The challenges of taking a child with autism on community outings can make these trips seem too difficult. Use these tips to keep your child safe and the reduce stress of being away from home.

For kids with autism spectrum disorder (ASD) and their families, venturing out into the community, even for casual errands, can be challenging. Children who have autism may have a hard time understanding the social cues that guide appropriate and safe behaviors outside the home.

This may make you hesitant to take your child out in public. Fortunately, there are steps you can take to increase your child’s success when out in the community.

Preventing wandering

Children with autism may wander or run away. Use these strategies to discourage your child from wandering:

  • When out with multiple caregivers, take turns being on watching duty. Give each other breaks and clearly communicate shift changes.
  • Position yourself between your child and any potentially dangerous areas, such as lakes or parking lots.
  • Set clear boundaries with your child when you take him to a new environment. If an area doesn’t have clear boundaries, such as a playground, have your child walk with you around the area you would like for him to stay within.
  • Teach your child to report identifying information, such as his name or phone number, or attach this information to the child in some way like onto a shoe tag or bracelet.

Preventing problem behavior

Children with autism may struggle in crowded or new situations, which may result in tantrums. Try preventing tantrums by implementing a few of these tips:

  • Prepare your child for the event before leaving home. Make sure he knows what to expect and the rules of the place he’s going.
  • Allow your child to take a favorite toy, when possible. For example, if doctor visits are a common concern, you may save a favorite toy and allow him to have it during the visit.
  • Provide frequent breaks. Try setting a timer that your child can see. Take breaks to walk outside or sit in the car away from the commotion.
  • If you can tell that your child is beginning to have a tantrum, position yourself to prevent injury or damage. You may want to redirect your child to a chair, place yourself between him and strangers or remove breakable items from his reach.

Practice makes perfect

Give your child plenty of chances to practice being in challenging environments. Start in a setting where your child is likely to be successful. If he struggles with crowded grocery stores, start in small convenience stores during off-peak hours. When practicing, be sure to:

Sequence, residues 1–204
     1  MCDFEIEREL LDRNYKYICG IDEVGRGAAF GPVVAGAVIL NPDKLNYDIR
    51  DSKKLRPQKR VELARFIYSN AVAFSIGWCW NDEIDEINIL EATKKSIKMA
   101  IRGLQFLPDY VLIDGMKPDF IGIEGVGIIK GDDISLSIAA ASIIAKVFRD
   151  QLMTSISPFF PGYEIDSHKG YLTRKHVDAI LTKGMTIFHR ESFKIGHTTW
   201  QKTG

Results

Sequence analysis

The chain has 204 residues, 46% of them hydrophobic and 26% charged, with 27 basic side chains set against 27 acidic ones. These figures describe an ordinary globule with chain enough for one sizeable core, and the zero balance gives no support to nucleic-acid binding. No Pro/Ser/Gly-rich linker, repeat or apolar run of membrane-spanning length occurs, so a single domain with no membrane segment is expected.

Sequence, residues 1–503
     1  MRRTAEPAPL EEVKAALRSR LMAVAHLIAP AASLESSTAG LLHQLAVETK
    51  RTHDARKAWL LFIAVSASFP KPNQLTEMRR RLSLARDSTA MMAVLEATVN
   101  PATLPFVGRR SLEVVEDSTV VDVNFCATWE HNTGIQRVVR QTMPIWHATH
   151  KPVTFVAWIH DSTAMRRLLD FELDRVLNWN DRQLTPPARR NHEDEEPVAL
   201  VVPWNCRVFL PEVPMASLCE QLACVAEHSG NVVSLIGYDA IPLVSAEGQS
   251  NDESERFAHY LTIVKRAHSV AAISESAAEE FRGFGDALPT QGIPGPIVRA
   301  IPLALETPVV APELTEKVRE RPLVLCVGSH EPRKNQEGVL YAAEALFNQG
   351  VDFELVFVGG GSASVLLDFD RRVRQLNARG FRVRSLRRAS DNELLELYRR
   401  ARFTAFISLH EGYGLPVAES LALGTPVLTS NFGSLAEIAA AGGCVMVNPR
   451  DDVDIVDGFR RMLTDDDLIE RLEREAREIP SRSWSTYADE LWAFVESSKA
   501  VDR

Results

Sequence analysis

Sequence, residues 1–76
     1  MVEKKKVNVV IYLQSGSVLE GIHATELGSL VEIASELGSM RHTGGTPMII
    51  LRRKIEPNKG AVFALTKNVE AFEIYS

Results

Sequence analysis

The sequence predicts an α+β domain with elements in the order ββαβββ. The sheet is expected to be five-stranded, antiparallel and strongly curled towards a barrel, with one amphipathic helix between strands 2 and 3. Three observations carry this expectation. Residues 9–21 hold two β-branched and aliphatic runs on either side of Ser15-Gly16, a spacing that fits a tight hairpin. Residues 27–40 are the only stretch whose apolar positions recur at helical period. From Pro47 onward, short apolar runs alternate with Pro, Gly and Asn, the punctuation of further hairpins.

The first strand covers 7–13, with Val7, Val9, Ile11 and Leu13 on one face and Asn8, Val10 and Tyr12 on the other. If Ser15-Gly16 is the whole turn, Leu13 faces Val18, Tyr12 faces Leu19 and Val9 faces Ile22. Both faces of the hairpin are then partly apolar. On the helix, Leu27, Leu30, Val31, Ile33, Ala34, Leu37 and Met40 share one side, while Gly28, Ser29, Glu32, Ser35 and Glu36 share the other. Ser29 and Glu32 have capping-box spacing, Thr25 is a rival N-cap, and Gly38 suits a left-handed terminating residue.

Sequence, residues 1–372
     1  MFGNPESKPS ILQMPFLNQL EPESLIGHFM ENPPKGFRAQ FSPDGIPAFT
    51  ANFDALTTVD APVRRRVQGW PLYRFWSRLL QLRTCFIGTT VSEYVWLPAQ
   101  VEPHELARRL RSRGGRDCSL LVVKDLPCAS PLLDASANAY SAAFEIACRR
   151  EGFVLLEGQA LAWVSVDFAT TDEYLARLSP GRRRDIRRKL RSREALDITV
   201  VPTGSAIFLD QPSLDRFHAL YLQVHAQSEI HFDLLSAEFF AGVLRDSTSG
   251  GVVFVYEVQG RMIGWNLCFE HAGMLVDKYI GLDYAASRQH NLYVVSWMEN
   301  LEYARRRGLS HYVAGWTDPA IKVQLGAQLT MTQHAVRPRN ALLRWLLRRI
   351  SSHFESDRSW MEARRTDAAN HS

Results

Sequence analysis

• Shorten your visit and ensure all of your attention can be dedicated to helping your child through the situation.
  • Make changes based on your child’s progress. When successful, you can gradually increase the amount of time you stay and try progressing to more challenging settings.
  • Create cards that say your child has autism. Use these for times when other people in your community ask questions about your child’s behavior. Some caregivers find it helpful to be able to hand the cards to onlookers and avoid undesired conversations.

Reward positive behaviors

Remember to praise and reward your child with positive feedback frequently. Recognition is especially important to kids with autism. At first, you child may need near-constant praise and rewards for appropriate behavior in these settings. However, these can be decreased as your child experiences success. Read more about setting goals and tracking your child’s behavior.


We recognize that every child is unique and that the content of these articles may not work for everyone. This content is general information and is not specific medical advice. We hope these tips will serve as a jumping-off point for finding the best approach to helping a child with autism. Always consult with a doctor or healthcare provider if you have any questions or concerns about the health of a child. In case of an urgent concern or emergency, call 911 or go to the nearest emergency department right away. Some physicians and affiliated healthcare professionals on the Children’s Healthcare of Atlanta team are independent providers and are not our employees.